The concept of an inescapable fate was deeply inbedded in the whole of Norse mythology, for the myths told of a future catastrophe, Ragnarok, in which gods and mankind would be entirely destroyed. Although it lay in the future, its every detail was described as though it had already taken place. The Norse people imagined the creation of the world, its cosmology, and its inevidable final destruction, as a single unit in a continuing cycle of creations, each of which ending in an apocalypse before the world was renewed. Humans fitted into this cosmic scheme as one of several types of beings, each group contributing to the life of the others. But although they cohabitated with the gods, dwarves, animals and giants, people were unable to influence fate and change the course of events. The end of the world was inherent in its very beginning: its doom was conceived even as the shape and form of the world was revealed.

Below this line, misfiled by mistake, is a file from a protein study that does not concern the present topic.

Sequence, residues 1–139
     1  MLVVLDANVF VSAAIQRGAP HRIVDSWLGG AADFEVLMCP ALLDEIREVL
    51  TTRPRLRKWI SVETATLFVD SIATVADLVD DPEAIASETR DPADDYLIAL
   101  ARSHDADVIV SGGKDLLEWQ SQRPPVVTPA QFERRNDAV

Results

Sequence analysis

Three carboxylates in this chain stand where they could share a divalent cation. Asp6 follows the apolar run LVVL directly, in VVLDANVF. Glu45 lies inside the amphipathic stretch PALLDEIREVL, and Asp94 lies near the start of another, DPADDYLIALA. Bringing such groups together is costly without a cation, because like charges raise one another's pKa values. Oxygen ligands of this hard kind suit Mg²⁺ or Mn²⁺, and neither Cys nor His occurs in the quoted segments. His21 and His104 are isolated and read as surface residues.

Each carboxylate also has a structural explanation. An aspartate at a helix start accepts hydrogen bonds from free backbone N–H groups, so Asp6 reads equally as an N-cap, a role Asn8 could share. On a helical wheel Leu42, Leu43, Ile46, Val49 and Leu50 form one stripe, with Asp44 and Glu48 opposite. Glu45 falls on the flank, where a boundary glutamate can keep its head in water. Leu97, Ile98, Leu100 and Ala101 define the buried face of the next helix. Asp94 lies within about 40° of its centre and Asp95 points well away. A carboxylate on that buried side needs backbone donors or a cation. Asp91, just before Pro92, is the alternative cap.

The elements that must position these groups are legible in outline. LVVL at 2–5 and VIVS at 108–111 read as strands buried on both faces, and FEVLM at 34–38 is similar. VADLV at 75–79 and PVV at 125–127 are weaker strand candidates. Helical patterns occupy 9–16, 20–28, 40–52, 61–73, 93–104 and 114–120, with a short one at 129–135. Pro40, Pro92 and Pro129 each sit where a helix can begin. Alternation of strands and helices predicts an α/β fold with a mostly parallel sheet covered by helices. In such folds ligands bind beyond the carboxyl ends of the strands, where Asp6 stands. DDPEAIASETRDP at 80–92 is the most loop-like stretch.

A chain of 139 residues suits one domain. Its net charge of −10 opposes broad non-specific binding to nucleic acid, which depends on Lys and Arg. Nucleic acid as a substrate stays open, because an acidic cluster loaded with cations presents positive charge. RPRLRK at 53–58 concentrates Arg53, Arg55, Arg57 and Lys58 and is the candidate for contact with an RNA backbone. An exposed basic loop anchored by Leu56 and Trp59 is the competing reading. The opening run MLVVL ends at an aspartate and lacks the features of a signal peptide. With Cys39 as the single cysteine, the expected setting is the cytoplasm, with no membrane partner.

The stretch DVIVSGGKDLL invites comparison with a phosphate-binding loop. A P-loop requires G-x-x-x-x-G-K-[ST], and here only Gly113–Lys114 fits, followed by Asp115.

Life began in the fusion of two elemental extremes, fire and ice, and was doomed to end when flames and water would once again engulf all that had been engendered. A chain of episodes, expedited by the rancorous Loki, was to end in a final confrontation in which the forces of chaos and evil would be pitted against the gods, and each side would destroy the other in the dramatic finale known as Ragnarok. But like the ancient whirling wheel, (a symbol often found on Viking picture stones) the cycle would turn again.
The catastrophe was to be triggered by the death of Balder, son of Odin and Frigg, who was considered the purest of the gods and the most popular among them. Yet he was destined to return to life afterwards and preside over a newly-created, more peaceful world. For, having purged the earth of evil, Ragnorok would lead to the regeneration of life: the earth would reappear from the waters of chaos, washed clean and made anew.
Yggdrasill, the ash tree that was guardian and protector of the universe and absorber of its stresses and woes, was foreordained to remain standing throughout the onslaught of the final battle. In its eternal branches it sheltered a man and a woman - Lif and Lifthrasir - who would become the first of a new generation of humans, destined to people the earth again.